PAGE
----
Thursday 22 March 2018

'Before doing a really violent scene, I like to laugh'

John Meagher meets Ray Winstone ahead of his new TV drama 'Moonfleet'

Stone face: Ray Winstone who’s starring in Moonfleet. Robbie Reynolds
Stone face: Ray Winstone who’s starring in Moonfleet. Robbie Reynolds

John Meaghar

Ray Winstone has built a career around playing tough-as-nails characters in the grittiest of dramas, and the barrel-chested actor is every bit as imposing in reality.

His pronounced East End accent enhances the notion that you mess with this man at your peril, as does his chatter about how he prepares for the hard-guy roles.

"Before doing a really terrible scene, a really violent one," he says, with a smile, "I like to laugh. That bit of levity just works for me. And then it's quite easy to turn it on for the nasty parts."

It's an admission that puts his fearsome performances in such films as Nil By Mouth and The War Zone in a whole new light.

The Londoner is in Dublin on promotional duties for his new TV drama, the swashbuckling adventure yarn, Moonfleet.

Yet, rather than the sanitised, family-friendly version that will air tomorrow, Winstone would have relished a far darker production. "I would have made it as really down and dirty -- a horrible thing -- killing left, right and centre. But of course, that wouldn't have been true to the book."

Moonfleet was written in the late 19th Century by J Meade Faulkner and is considered a classic in young adult fiction.

Winstone hadn't read the novel before accepting the part although he had loved the 1955 movie version. "I was a big fan of Stewart Grainger who had played the part that I would take on," he says. "He was a beautiful-looking man and here's me, The Beast. I had to take it in a completely different direction."

The book also proved to be an inspiration for Chris de Burgh, who released a concept album called Moonfleet and Other Stories in 2010. "Did he really?" Winstone says. "You know, he can be a genius songwriter sometimes." Ray Winstone a fan of the 'Lady in Red' crooner? So much for the hard-man rep.

The two-part series was filmed in Dublin this summer, with some of it set at Kings Inn's -- where this interview takes place -- and the adjacent Henrietta Street, which has been used in period drama shoots for everything from Strumpet City to Albert Nobbs.

"This is such a brilliant setting for the time the book is set -- the late 18th Century -- and it helped that it never rained. The last time I was in Ireland for work was for King Arthur and it never rained then either. I must be a good omen."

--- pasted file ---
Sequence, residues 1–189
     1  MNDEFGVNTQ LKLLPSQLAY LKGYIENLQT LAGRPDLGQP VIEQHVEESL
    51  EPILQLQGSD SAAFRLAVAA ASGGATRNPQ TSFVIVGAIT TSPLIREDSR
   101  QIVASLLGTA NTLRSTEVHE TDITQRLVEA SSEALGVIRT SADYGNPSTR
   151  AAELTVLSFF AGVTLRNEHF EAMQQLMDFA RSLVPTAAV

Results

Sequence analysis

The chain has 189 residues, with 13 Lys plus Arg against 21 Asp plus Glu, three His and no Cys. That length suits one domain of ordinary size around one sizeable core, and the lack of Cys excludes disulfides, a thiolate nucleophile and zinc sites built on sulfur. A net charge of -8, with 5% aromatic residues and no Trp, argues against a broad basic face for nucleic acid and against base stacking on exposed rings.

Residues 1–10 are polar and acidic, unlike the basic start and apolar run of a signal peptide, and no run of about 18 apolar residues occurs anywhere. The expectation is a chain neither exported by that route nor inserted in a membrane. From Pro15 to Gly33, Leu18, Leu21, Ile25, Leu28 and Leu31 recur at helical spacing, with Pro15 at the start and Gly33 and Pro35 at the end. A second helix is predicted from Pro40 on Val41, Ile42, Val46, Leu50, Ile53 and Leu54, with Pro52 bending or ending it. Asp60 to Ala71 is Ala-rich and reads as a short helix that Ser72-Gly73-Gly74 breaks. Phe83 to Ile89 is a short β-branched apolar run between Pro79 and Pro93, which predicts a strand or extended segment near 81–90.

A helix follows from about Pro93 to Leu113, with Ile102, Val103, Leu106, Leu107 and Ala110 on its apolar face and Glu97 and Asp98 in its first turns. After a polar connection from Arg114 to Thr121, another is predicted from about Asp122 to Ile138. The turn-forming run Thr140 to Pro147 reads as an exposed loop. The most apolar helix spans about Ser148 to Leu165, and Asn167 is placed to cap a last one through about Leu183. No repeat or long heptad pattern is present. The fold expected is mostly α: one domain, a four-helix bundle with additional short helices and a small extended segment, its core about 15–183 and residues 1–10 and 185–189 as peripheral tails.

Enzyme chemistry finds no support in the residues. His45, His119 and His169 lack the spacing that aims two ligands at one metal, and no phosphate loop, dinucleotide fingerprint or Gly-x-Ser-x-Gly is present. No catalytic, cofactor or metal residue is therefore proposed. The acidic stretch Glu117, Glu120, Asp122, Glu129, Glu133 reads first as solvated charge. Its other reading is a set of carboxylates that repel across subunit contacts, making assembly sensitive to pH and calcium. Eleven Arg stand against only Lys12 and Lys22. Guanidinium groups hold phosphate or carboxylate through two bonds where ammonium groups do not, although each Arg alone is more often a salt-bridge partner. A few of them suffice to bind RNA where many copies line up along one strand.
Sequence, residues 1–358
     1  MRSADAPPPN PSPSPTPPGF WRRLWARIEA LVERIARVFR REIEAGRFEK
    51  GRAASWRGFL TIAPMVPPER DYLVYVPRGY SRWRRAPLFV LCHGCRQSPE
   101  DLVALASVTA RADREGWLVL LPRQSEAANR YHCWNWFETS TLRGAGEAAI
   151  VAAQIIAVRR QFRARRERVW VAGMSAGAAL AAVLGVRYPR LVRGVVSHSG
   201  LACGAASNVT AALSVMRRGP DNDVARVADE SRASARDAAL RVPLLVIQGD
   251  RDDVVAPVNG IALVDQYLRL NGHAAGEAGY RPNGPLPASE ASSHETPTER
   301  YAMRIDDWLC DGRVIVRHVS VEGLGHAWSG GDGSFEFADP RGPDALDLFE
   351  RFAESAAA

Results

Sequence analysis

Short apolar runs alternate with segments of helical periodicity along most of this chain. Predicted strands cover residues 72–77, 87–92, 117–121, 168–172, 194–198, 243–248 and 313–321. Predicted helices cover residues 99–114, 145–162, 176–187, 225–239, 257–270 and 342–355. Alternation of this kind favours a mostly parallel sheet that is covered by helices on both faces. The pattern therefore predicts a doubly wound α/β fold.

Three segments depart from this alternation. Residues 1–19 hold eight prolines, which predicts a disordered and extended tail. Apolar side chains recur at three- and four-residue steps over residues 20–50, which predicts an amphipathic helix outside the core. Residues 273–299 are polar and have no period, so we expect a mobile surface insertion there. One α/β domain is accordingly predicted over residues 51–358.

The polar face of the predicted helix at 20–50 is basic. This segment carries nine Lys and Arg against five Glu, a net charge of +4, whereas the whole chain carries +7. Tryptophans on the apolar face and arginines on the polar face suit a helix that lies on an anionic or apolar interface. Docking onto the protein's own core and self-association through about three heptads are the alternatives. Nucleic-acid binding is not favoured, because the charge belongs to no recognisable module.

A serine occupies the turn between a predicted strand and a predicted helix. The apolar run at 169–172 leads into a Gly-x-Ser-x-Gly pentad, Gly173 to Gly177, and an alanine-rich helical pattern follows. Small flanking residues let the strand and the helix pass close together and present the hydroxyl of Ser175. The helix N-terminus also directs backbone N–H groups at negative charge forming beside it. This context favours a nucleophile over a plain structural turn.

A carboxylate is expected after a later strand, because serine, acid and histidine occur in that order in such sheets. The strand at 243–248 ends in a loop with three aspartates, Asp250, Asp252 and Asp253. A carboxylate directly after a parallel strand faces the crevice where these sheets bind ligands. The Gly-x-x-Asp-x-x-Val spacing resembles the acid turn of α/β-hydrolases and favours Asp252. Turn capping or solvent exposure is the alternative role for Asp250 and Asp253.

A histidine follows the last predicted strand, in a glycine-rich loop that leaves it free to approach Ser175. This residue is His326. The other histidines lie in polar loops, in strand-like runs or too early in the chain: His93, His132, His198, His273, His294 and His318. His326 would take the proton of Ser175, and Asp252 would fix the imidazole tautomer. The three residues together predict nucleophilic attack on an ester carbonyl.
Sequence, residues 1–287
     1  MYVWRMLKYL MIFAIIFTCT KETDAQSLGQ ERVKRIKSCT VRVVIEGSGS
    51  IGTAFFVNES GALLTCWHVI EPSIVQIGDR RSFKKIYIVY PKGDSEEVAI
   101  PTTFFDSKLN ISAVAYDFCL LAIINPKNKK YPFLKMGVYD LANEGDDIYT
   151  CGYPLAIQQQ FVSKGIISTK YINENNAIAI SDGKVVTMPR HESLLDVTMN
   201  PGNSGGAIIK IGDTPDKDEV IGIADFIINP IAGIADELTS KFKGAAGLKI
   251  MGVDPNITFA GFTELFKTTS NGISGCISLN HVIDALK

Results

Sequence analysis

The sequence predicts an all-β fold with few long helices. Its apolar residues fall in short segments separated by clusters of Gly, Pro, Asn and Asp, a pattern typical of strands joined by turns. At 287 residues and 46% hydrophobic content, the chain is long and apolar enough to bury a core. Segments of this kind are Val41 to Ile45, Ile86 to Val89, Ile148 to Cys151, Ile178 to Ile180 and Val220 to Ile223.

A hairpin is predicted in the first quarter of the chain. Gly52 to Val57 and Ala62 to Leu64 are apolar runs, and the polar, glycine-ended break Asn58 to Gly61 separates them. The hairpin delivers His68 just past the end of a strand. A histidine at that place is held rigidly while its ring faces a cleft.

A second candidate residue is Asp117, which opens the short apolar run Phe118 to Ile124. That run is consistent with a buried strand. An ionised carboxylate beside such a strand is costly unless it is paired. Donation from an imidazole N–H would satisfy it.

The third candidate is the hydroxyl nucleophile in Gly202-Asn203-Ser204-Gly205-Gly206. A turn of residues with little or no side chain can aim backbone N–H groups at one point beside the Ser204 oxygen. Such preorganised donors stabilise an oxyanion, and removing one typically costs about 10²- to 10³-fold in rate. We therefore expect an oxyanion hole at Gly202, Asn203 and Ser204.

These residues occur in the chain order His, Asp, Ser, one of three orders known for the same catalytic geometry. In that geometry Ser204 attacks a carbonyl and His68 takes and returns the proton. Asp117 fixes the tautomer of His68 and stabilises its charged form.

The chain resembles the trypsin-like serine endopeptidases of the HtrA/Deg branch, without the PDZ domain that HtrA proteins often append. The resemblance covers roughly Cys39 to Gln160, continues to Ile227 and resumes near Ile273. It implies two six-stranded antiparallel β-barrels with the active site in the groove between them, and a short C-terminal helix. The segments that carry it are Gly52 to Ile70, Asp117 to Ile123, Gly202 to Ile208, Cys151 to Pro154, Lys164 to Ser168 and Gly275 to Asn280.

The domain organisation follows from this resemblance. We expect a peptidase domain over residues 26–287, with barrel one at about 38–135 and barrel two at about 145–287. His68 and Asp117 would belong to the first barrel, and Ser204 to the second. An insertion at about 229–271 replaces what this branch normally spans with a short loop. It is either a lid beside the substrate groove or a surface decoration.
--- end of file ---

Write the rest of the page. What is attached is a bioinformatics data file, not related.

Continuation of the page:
At 56, Winstone is one of the most prolific actors of his generation. The International Movie Database lists 120 acting credits since his first part in 1975.

"That many?" he says, with surprise. "I just like to work and to have projects on the go all the time. It might come from my mum and dad -- they were working-class people who believed in grafting -- but there's also the need to be able to pay the rent."

The Londoner is a long way from the breadline, but cheerfully admits to accepting projects he hasn't cared for in the past because of the pay packet.

"Have I done that? Absolutely. I would love to be in that bracket where you're an American A-list star and you're making €30m a film.

"I could never understand how they could be paid that sort of money and want to keep working. I'd retire and become a playboy."

His daughters have followed him into the world of entertainment. Jamie is an actress while Lois is a singer who has just signed a record deal.

"I think they're great -- I'm their old man, so I'm going to say that, but I think they've got great talent.

"They're under no illusions about how tough the industry can be, but then again they're not digging holes in the road or getting up for a nine-to-five job."

More and more, Winstone finds he is drawn to TV projects rather than movies. "The TV scripts, on the whole, tend to be better," he says.

"And there's a real feeling now that we're in a golden era of television drama, especially when you think of the sort of productions being made by HBO and Sky Atlantic."

Winstone points out that while cinema attendances are going down, it's become more affordable to have "an authentic cinema experience" from the comfort of your living at home.

"You can get really big TVs and surround sound for about 1,200 quid now," he says, "so it's no wonder that television dramas are looking more and more like films.

"But the great thing as an actor is that you can develop a character over many hours of television in a way you just can't in a feature film."


Irish Independent

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